"Prima vera" really refers to the first spring veggies, but not being Italian, I can extend the meaning a bit. Tonight we had carrots and leeks, harvested in the fall and winter, respectively.
Fry 1 carrot and 4 small leeks (tonight they were around finger-sized) in a bit of olive oil with pepper and a pinch of salt, just enough to make them soft. Let the pan cool down to the lowest temperature on the burner, and meanwhile whip up a roux with a trusty whisk. You don't need a lot of this, as this is only a frying pan's worth of pasta sauce. I used 1 Tbsp. of flour and an equal amount of butter. This was stirred in with the veggies. Once melted you can add milk or blend cream until you get a white sauce of a consistency that you prefer. Stir in any Italian herbs that you prefer. Tonight I used about 2 tsp. of fennel seed, 2 Tbsp loose of oregano, and 2 small bay leaves. Except for the bay, these were dried from our summer herb garden, and were still packed with their flavours. Delicious.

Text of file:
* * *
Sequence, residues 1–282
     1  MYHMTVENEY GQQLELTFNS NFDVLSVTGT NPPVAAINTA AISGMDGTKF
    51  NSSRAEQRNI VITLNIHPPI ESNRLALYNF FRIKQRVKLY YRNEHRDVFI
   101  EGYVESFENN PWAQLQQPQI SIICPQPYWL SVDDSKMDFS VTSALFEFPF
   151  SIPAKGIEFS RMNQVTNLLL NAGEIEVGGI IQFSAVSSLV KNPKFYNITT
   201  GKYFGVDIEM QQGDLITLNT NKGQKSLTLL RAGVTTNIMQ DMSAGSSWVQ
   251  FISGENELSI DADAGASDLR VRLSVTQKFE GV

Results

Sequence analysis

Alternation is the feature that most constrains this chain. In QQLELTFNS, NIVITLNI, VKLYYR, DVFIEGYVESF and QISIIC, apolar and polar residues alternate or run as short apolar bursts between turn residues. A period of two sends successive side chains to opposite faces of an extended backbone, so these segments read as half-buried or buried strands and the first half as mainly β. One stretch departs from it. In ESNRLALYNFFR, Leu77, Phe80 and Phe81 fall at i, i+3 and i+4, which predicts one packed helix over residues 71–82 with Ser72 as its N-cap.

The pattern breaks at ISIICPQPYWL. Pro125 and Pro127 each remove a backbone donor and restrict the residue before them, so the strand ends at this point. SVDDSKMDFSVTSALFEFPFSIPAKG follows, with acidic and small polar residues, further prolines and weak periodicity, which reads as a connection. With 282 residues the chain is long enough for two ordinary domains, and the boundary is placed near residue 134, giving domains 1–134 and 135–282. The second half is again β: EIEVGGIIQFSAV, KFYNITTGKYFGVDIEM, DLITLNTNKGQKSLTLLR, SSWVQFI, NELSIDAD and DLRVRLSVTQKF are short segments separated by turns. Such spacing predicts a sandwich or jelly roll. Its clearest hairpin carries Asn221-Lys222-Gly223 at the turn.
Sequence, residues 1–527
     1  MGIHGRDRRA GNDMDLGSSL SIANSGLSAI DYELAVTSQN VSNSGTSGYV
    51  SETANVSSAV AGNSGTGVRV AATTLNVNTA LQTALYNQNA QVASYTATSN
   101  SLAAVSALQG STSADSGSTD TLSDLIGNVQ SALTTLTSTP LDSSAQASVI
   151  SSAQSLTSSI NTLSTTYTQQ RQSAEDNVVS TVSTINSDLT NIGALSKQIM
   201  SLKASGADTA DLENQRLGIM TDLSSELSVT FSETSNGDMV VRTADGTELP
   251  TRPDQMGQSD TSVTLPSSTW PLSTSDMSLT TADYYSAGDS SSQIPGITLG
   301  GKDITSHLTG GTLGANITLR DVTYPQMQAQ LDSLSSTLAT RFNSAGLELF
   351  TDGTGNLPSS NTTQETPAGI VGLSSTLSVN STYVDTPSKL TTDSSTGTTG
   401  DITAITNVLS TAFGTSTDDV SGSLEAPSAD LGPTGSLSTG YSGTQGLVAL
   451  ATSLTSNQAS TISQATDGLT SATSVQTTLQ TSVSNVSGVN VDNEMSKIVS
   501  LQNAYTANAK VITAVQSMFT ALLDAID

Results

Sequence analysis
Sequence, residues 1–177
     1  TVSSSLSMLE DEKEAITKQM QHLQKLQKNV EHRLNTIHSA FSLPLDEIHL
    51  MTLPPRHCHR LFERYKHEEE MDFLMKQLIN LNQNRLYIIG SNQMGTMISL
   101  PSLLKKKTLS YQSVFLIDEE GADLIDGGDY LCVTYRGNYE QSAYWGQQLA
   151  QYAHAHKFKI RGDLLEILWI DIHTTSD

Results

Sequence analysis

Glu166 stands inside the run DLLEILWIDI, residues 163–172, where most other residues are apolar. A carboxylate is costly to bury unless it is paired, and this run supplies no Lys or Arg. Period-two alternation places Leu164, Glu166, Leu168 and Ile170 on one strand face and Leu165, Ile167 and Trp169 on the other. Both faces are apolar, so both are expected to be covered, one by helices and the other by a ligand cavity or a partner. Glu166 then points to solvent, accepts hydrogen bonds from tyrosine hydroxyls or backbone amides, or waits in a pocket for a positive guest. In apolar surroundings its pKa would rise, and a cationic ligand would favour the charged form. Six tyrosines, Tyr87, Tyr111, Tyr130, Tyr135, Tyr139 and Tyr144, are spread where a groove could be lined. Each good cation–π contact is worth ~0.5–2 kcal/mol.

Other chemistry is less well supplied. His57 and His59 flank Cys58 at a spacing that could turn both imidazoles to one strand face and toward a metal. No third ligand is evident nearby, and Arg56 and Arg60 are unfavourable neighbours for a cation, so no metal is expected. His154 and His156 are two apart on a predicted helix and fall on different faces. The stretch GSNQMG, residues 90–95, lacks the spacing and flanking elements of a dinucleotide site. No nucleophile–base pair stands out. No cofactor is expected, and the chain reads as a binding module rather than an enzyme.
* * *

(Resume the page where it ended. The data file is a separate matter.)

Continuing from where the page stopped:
The ricotta cakes are simpler to make than the above, but the secret is to mix them up before you do the prima vera sauce, and then fry them after. Fry them right before the meal is served, in fact.
Take a cup or two of ricotta cheese, preferably the crumbly home-made version. If you don't make it, then maybe try asking at a specialty deli. Mix this with 2 Tbsp of ground parmesan cheese, 1 Tbsp of flour, 1 egg, freshly ground pepper to taste, and a pinch of sea salt. Fry it at a medium heat for a few minutes, and then flip them for a final minute.
Throw the sauce on top of some spaghetti noodles, and place the ricotta cakes beside and enjoy. Tonight we were at a loss for steamed broccoli, but that is what I would also put on the plate, in a perfect world.